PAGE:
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  • Protest Sept 29 re Monkashou’s Okinawa History Revisionism, Okinawa Convention Center

    Posted by Dr. ARUDOU, Debito on September 28th, 2007

    Hi Blog. Just got word of this from friend Gene van Troyer, regarding a protest tomorrow in Okinawa over WWII history revisionism from the Ministry of Education. Details below. Arudou Debito in Sapporo

    /////////////////////////////////////////////////////

    Perhaps Japanese are complacent when it comes to MEXT rewriting the history textbooks about Comfort Women and the Nanking Massacre during WWII, but what about here at home? It seems that there is no rest for the revisionists. Earlier this year (1) the GOJ through MEXT ordered all references to military-encouraged mass suicides in Okinawa to be expunged and replaced with less controversial and damning phrasing like “many people committed suicide.” Okinawans are in an uproar over this slap in their collective face (2), (3).

    Coming up tomorrow, Saturday, Sept 29, from around 3:00 P.M. there is to be a general protest (kyoukasho kentei shuudanjiketsu) staged at the Okinawa Convention Center over MEXT’s attempt to rewrite history regarding the Japanese military’s policy of encouraged civilian “mass suicides” during the Battle of Okinawa. MEXT is pushing the view that it never happened. Scores of Okinawans who were there and witnessed it say it did (4), (5).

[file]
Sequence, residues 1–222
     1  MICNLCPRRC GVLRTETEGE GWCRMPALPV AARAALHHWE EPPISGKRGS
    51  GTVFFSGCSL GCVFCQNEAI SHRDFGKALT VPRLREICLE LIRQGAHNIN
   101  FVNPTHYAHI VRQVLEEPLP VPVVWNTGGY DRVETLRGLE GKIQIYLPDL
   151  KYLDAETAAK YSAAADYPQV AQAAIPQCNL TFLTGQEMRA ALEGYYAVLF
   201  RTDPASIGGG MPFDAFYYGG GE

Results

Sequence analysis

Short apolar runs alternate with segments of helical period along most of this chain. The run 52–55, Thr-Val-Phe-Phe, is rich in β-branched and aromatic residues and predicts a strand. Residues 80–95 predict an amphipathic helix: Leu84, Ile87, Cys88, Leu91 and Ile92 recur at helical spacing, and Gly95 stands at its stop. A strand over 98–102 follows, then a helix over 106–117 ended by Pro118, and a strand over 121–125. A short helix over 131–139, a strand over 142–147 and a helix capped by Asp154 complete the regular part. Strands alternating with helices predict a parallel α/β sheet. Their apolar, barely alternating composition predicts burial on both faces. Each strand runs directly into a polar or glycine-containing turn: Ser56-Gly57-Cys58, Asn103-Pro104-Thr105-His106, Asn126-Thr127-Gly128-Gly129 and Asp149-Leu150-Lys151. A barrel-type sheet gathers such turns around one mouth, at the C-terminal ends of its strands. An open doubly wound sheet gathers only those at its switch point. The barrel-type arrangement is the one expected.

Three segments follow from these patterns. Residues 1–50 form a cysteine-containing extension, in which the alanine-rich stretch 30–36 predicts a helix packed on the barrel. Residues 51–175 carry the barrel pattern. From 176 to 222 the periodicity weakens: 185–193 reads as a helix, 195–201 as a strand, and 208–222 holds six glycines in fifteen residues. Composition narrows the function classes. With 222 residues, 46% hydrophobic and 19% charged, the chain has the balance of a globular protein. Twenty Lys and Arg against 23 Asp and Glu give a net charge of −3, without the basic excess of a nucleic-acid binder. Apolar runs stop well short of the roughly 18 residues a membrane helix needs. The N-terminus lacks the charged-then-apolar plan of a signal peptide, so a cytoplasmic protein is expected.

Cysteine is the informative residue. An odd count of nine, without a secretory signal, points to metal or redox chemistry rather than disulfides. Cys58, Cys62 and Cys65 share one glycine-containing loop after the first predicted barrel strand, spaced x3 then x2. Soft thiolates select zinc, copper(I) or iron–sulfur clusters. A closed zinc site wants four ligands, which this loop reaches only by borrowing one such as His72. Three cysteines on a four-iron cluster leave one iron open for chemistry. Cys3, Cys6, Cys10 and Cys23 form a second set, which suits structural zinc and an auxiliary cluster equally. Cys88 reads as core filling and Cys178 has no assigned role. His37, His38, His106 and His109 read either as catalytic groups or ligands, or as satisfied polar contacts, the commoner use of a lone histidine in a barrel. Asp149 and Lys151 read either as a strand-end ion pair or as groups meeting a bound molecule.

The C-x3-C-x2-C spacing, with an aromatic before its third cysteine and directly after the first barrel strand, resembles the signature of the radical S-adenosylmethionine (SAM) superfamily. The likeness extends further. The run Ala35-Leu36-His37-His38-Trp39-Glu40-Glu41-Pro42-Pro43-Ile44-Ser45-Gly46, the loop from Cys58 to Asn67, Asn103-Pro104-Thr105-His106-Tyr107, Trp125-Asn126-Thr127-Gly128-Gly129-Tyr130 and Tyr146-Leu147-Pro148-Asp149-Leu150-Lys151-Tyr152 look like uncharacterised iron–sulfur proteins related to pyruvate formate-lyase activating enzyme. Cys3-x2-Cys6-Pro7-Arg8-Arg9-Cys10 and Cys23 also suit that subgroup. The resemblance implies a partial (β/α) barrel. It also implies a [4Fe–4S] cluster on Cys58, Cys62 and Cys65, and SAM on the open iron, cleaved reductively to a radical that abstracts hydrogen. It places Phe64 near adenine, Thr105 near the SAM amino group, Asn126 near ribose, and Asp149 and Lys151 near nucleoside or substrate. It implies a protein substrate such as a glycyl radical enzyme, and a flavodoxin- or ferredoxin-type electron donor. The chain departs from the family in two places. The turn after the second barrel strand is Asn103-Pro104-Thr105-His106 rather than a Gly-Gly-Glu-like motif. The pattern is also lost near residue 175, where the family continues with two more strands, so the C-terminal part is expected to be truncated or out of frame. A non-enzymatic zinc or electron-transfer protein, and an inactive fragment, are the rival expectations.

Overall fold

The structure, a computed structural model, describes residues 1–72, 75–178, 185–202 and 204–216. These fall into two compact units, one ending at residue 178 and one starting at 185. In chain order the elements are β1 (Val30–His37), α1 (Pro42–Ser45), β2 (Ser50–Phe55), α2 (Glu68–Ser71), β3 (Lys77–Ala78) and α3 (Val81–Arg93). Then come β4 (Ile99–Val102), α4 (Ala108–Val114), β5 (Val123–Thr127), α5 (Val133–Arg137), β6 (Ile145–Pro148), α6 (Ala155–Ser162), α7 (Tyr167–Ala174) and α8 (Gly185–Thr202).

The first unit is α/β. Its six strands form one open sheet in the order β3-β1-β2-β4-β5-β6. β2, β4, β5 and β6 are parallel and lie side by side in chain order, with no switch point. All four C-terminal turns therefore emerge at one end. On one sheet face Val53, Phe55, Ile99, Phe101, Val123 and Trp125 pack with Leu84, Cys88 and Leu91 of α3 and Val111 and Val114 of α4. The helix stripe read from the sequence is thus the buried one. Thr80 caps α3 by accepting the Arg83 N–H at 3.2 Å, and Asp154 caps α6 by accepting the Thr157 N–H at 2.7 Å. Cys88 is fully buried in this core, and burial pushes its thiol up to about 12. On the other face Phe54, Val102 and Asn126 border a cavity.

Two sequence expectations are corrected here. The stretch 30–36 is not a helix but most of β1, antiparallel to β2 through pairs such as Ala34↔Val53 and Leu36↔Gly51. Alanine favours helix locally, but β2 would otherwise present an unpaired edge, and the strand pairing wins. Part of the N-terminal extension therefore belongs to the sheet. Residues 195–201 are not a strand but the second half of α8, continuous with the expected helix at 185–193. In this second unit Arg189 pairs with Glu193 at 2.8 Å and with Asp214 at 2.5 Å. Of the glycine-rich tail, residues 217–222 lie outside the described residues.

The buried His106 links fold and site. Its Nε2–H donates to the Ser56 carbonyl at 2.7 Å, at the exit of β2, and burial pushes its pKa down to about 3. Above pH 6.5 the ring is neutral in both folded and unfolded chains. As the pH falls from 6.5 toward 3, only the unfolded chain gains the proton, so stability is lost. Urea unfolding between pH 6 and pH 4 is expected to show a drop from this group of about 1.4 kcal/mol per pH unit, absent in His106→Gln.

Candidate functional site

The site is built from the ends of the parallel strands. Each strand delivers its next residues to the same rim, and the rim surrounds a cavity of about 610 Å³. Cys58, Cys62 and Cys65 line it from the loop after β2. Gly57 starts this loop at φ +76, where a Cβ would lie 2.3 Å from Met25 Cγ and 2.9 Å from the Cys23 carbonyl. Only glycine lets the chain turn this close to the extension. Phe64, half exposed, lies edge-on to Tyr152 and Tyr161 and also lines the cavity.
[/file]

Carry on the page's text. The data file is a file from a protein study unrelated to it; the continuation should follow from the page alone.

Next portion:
(1)***Okinawa Outcry Grows Over Japan Textbook Revision on WWII Suicides

    http://www.propeller.com/viewstory/2007/06/09/1000-protest-in-okinawa-at-gov t-view-on-military-role-in-war-suicide/?url=http%3A%2F%2Fwww.breitbart.com%2 Farticle.php%3Fid%3DD8PLABLG0%26show_article%3D1%26catnum%3D0&frame=true

    (2)***1,000 Protest in Okinawa at Gov’t View on Military Role in War Suicide

    http://www.propeller.com/viewstory/2007/06/09/1000-protest-in-okinawa-at-gov t-view-on-military-role-in-war-suicide/?url=http%3A%2F%2Fwww.breitbart.com%2 Farticle.php%3Fid%3DD8PLABLG0%26show_article%3D1%26catnum%3D0&frame=true

    (3)***Okinawans Outraged by What They Say is a Cover-up of Military-urged Mass Suicides During WWII Battle

    http://www.propeller.com/viewstory/2007/06/09/1000-protest-in-okinawa-at-gov t-view-on-military-role-in-war-suicide/?url=http%3A%2F%2Fwww.breitbart.com%2 Farticle.php%3Fid%3DD8PLABLG0%26show_article%3D1%26catnum%3D0&frame=true